The Age of the
Customer-Centric CIO

By delivers the latest tech news, analysis, how-to, blogs, and video for IT professionals.

Chapter 4: Reorienting IT’s Customer View from Internal to External

Historically, most IT organizations have taken an internal definition of who their “customer” is—focusing on employees, not outside clients. The traditional IT charter was to meet the day-to-day support needs of the employee base while advocating for new technology innovations and handling the rollout and maintenance of enterprise systems.

Digitization has flipped that long-standing customer view on its head. Today, much of a company’s product line or service offerings is centered around technology, which means that IT organizations, led by CIOs, need to engage fully with outside constituents to understand their business needs. The turnaround requires new thinking about IT organizational structure and culture as well as redefining what constitutes important skill sets. Domain expertise in technical areas such as AI, analytics, security, software-defined storage, and the cloud are certainly critical to the modern IT organization, but so are softer skills in areas such as project management, business analysis, and communications.

To nurture this new mind-set, CIOs need to make significant cultural and organizational changes. Already CIOs are spending more time with external customers, getting to know their business and pain points. The “2018 State of the CIO” research found that 71% of CIOs are meeting with customers frequently and that is expected to increase.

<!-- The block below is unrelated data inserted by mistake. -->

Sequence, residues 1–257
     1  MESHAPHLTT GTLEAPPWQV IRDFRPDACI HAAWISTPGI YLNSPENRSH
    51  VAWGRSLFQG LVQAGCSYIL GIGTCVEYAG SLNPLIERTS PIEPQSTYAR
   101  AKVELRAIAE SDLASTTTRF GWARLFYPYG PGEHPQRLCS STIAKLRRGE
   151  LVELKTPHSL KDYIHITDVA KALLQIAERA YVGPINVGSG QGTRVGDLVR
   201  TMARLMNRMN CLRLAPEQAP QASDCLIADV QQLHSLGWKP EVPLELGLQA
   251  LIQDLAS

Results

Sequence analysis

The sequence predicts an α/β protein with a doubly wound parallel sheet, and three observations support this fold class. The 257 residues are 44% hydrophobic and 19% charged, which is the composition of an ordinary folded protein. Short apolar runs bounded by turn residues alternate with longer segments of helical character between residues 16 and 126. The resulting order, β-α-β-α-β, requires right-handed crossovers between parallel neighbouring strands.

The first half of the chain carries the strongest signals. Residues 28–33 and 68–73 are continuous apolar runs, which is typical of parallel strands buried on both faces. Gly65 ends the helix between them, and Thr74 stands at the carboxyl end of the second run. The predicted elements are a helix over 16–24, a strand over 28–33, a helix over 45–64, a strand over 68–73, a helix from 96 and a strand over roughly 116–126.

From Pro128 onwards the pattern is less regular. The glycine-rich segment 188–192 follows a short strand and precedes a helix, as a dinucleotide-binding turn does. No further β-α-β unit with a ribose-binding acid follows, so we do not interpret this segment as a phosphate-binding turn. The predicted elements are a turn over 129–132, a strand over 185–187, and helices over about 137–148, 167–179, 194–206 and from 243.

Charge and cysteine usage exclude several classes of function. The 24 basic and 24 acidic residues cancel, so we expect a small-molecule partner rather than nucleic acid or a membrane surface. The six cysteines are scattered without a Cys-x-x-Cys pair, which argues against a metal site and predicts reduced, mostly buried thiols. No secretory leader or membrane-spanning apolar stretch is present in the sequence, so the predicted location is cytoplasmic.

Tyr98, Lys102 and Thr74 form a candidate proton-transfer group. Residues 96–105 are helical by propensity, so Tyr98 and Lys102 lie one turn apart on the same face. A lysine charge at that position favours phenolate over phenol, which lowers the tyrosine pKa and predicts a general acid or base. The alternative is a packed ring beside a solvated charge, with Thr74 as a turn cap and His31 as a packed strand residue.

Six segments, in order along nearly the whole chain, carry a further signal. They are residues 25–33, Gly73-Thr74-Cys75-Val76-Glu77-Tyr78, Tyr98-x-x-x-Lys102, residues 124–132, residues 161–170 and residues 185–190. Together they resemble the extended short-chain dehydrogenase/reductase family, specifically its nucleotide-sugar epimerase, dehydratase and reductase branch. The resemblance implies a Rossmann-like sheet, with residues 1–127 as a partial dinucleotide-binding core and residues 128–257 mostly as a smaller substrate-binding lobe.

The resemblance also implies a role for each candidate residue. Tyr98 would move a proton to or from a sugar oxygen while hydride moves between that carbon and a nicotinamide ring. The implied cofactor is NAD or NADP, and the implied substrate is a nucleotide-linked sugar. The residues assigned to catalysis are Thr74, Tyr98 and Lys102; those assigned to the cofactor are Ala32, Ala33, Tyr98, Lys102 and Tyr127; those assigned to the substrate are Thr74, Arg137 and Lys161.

Getting closer to customers is also a CEO mandate—28% of the CEOs who participated in the “2019 State of the CIO” research expect their IT exec leaders to collaborate with their business counterparts on major customer initiatives. In addition, strategic CIOs are spending more time on customer-centric activities—19% are currently developing new go-to-market strategies and technologies, and 16% are devoting time to studying market trends and customer needs to identify commercial opportunities, the 2019 research found.

Hologic, a global life sciences company, has implemented a foundational platform that creates a holistic customer view, and now it’s working hard to make organizational and cultural changes that promote that customer-centric mentality to IT employees, says Dave Rudzinsky, the company’s corporate vice president and CIO.

As part of that effort, there is regular training for IT, not just on new technologies but also on Hologic’s products, giving staffers a hands-on view of the solutions work. The IT team is also encouraged to work side by side with customer groups, so they can understand how they engage as well as how it aligns with Hologic’s business goals and strategy. “We make it a point for all people to understand our vision to create superior outcomes for our customers, their patients, and our business partners by leveraging technology solutions,” Rudzinsky explains. “Just because you might be working on a back-end system doesn’t mean you don’t have impact. We don’t want them writing code for some solution and not understand why. We want staffers to understand how the solutions helps the customer and the patient.”

The Age of the Customer-Centric CIO


Chapter 2

Customer Analytics Is the New Enterprise Currency

Chapter 4

Reorienting IT’s Customer View from Internal to External

Chapter 5

Balancing Digital Innovation and Operational Excellence

Want to read the full report?

Questions? We’ll put you on the right path.

Ask about Salesforce products, pricing, implementation, or anything else. Our highly trained reps are standing by, ready to help.